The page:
Expanding Access to Support Structures
To compound the problem, those precarious housing and food situations often leave students without the free time or energy to look for help. After a full-time work week and a full credit load of classes, fueled by little sleep and a fast-food diet, the already complex realms of financial aid and student advising can seem inaccessible and overwhelming. If they do manage to seek help, many are shut out from financial aid due to bad credit or lack of a co-signer—making their attempts to break out of poverty via education that much more difficult.
In order to assist homeless and hungry students, it’s vital for campus, state and national programs to work on meeting them where they are, and provide aid when they need it most. Programs like Single Stop, which currently operates at seven community colleges, offer one example of how this might work. Using a combination of online tools, organizational partnerships and in-person resources ranging from free meals to tax assistance, Single Stop provides “wrap-around” support tailored to the needs of each student.
Studies have shown Single Stop support improves student persistence. The story of Bunker Hill (MA) Community College student Michael Curran is a profound example: simply having access to meals meant he could reduce his work hours—and getting financial advice helped him manage his funds better as well.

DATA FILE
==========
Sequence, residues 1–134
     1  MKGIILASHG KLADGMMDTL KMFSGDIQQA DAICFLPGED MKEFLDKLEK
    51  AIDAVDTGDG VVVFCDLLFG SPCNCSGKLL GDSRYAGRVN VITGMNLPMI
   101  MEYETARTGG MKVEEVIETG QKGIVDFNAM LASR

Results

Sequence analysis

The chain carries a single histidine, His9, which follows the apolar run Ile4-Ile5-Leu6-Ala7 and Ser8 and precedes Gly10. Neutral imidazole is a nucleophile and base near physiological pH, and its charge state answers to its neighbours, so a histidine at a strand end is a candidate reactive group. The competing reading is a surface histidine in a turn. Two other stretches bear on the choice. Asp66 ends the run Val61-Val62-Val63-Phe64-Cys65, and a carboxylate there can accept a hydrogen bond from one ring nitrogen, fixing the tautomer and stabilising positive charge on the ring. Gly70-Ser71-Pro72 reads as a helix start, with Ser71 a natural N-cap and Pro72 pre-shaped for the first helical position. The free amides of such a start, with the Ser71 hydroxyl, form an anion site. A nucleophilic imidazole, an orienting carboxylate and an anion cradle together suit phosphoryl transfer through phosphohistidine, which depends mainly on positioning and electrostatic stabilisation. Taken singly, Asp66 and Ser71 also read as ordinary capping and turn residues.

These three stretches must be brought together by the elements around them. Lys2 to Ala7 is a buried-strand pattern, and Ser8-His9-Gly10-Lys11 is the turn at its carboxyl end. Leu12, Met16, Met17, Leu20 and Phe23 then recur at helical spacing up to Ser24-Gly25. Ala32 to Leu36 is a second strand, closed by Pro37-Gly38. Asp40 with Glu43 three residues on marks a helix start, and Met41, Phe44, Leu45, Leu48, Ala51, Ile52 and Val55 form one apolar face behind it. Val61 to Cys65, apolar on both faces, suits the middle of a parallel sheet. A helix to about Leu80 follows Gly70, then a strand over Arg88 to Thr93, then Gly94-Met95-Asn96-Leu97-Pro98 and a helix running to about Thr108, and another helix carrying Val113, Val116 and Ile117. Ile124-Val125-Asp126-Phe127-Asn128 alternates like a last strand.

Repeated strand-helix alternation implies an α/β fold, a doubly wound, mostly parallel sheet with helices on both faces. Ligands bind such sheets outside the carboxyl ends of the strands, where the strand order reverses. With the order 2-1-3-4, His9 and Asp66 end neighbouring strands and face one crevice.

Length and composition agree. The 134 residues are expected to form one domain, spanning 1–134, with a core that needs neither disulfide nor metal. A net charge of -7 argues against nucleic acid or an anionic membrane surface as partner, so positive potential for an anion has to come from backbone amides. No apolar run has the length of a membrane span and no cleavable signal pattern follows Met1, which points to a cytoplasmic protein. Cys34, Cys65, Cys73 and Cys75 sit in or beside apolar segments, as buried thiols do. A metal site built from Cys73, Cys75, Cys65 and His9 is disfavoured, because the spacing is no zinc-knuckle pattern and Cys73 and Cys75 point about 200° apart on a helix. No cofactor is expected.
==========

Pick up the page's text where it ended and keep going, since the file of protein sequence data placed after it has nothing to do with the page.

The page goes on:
Single Stop isn’t the only model that provides these kind of wrap-around services. Many campuses have their own independent offices, and the National Association for the Education of Homeless Children and Youth (NAEHCY) also provides a thorough toolkit for educators and service providers. Whatever the platform, though, the idea remains the same: getting time- and money-crunched students the right support at the right time.
As the impact of hunger and homelessness on college persistence becomes more clear, both the public and private sector are beginning to explore ways to help. More and more companies are providing tuition assistance for their workers pursuing higher education. Emergency aid programs like Scholarship America’s Dreamkeepers seek to use small grants to alleviate unexpected financial crises; students like Andrew and Kiara used these grants to keep their heads above water and stay in school.
— Scholarship America (@ScholAmerica)
June 30, 2017
Encouraged by the model’s success at community colleges, a number of four-year schools are adopting similar plans—and the California legislature is working on a bill to fund emergency grants for students throughout the state’s community college system.
The Wisconsin Hope Lab’s #RealCollege initiative is also at the forefront of at new solutions, convening the first ever conference on college student hunger and homelessness last year.
Founding director Sara Goldrick-Rab argues persuasively that feeding and housing students is an integral part of any effort to increase graduation rates. The #RealCollege conference may prove to be a watershed moment in our efforts to understand the scope of the problem and the need for practical solutions.
The issue of homelessness and hunger on campus is still one we don’t fully understand. Thorough data is hard to come by, and student populations are constantly in flux. What we do know, though, is that it’s a direct contributor to students dropping out—and innovative solutions are a must.